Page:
After the referendum and approval of amnesty in 2005, Salafist groups continued to fight and the majority of them joined the al-Qaeda in the Islamic Maghreb (AQIM). Ali Belhhadj, one of the two most powerful players in the Islamic Salvation Front in the 1990s, is considered a leader of the active Salafist groups in Algeria today.
Amir and Samira were youngsters during the reign of terror, but have vivid memories of that time.
“I remember how terrified my family was. (Sometimes) we could not even leave the house,” Samira recalled.
The son of a military official, speaking under strict condition of anonymity, told IPS that women were at risk of igniting the wrath of Islamists and young men were in danger of either being recruited by armed groups or being killed if they were suspected of having loyalties to the army.
All these young people agreed that they did not live normal lives during that decade. No part of the country, nor any time of day, was safe: attacks began after dark in villages, but took place in broad daylight in the cities.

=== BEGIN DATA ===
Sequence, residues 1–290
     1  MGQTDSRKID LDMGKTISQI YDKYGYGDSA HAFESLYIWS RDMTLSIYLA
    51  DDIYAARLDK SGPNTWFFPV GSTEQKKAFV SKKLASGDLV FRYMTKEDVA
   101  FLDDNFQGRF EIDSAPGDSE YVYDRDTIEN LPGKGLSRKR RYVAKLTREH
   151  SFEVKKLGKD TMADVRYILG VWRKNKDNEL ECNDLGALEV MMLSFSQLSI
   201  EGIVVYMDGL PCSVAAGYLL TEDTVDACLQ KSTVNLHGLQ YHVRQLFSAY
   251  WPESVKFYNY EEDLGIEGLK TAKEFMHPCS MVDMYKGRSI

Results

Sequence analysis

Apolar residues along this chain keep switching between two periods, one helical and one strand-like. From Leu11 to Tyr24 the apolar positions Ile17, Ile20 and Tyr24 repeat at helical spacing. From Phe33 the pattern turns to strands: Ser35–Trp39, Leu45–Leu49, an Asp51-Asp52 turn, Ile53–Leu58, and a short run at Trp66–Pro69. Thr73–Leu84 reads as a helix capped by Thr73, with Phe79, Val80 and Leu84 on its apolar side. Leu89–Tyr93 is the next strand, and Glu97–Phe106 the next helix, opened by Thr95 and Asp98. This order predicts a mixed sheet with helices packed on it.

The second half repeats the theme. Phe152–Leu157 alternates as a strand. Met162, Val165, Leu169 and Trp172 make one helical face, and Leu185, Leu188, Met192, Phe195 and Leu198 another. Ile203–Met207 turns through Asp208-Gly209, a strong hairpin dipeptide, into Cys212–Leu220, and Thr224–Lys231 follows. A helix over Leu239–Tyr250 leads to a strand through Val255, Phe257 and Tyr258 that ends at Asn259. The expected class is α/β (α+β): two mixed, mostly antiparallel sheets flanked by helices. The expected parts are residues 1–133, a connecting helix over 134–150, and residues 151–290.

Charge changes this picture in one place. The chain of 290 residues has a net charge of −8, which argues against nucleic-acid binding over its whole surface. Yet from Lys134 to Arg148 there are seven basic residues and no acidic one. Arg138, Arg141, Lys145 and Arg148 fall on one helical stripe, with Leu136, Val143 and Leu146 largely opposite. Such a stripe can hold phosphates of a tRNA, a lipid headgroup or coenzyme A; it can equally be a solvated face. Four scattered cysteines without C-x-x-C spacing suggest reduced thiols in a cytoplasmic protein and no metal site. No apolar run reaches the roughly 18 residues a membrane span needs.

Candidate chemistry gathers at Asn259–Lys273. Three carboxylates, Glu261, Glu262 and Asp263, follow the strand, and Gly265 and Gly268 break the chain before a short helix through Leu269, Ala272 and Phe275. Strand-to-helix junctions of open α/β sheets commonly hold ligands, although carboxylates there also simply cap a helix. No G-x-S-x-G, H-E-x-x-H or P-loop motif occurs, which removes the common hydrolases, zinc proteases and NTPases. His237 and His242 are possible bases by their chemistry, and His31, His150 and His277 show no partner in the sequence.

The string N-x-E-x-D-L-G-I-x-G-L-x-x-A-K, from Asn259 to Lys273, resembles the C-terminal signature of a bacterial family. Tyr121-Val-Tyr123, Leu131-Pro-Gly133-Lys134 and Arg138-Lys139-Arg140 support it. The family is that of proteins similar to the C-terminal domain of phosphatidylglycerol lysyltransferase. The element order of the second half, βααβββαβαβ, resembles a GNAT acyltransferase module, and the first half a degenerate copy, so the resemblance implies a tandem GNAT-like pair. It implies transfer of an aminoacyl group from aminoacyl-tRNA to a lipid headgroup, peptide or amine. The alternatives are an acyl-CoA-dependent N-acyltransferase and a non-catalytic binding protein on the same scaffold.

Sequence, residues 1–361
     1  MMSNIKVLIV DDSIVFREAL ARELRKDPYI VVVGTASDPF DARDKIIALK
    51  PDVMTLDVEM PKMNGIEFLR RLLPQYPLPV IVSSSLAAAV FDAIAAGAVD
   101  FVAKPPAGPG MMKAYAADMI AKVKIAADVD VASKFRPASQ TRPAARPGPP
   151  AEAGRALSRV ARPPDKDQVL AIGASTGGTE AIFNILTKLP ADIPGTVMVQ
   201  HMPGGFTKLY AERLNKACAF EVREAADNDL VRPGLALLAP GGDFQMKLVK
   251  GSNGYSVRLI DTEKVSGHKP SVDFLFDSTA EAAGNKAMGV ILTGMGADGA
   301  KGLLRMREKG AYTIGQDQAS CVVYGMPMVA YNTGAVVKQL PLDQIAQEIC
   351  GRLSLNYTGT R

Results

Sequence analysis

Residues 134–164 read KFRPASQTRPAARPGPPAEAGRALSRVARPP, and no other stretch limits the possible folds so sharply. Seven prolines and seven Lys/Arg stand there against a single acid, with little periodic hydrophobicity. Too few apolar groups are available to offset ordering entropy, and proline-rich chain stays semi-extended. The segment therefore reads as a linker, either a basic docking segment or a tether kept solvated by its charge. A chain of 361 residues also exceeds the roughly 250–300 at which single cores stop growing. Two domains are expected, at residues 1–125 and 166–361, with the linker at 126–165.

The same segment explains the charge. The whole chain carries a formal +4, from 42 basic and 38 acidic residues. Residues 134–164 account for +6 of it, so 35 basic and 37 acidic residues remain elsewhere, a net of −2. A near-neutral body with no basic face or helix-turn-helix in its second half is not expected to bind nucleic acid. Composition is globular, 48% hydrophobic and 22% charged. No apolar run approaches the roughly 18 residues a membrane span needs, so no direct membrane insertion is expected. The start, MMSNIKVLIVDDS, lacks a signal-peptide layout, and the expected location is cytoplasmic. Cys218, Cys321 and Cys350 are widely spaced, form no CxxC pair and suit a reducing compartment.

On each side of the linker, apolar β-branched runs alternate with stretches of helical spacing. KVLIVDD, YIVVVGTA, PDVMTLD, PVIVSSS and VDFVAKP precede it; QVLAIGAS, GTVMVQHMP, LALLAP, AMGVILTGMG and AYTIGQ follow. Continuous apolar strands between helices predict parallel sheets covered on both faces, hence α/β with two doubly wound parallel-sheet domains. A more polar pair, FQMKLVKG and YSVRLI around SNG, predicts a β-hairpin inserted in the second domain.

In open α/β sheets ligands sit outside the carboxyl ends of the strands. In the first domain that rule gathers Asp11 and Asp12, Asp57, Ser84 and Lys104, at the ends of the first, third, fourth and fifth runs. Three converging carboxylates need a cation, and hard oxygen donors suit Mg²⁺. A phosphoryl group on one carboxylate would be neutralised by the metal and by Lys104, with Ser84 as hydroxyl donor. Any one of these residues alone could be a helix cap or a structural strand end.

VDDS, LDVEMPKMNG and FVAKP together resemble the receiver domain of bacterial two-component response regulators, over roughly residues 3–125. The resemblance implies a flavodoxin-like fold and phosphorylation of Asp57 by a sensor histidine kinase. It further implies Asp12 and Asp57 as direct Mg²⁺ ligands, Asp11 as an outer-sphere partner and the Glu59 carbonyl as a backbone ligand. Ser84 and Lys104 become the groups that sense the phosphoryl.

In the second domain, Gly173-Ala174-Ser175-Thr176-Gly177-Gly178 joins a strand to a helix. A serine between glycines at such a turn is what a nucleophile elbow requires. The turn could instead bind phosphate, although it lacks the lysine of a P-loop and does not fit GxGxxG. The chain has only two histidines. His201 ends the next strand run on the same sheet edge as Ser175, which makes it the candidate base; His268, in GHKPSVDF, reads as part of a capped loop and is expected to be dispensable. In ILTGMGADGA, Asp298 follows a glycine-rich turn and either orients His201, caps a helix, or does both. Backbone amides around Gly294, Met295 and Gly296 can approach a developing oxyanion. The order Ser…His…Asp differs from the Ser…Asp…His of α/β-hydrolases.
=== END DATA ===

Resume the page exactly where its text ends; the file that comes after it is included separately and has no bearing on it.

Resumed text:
This long nightmare, which ended with perpetrators being pardoned for their crimes and left to walk among family members of their victims, could explain why many people in this country of 29 million seem to be “vaccinated against protest and demonstrations,” Cherifa Kheddar, president of an associations of relatives of terror victims known as ‘Djazairouna’ (Our Algeria), told IPS.
Another reason for the relative quiet on the Algerian front could be the stability of the economic situation compared to other countries in the region. Though by no means free of inequality, Algeria has managed to remain buoyant throughout the global recession.
Hydrocarbons are still the backbone of the economy, accounting for 70 percent of national gross domestic product (roughly 71.4 billion dollars) and 98 percent of the total volume of exports in 2011, according to www.africaneconomicoutlook.org figures.
Revenue from the sale of hydrocarbons brought reserves of foreign currency up to 182.2 billion dollars in 2012.
Though production in the oil and gas sectors continues to decline, dropping from 43.2 million tonnes to 32 million tonnes between 2007 and 2011, prices have increased steadily.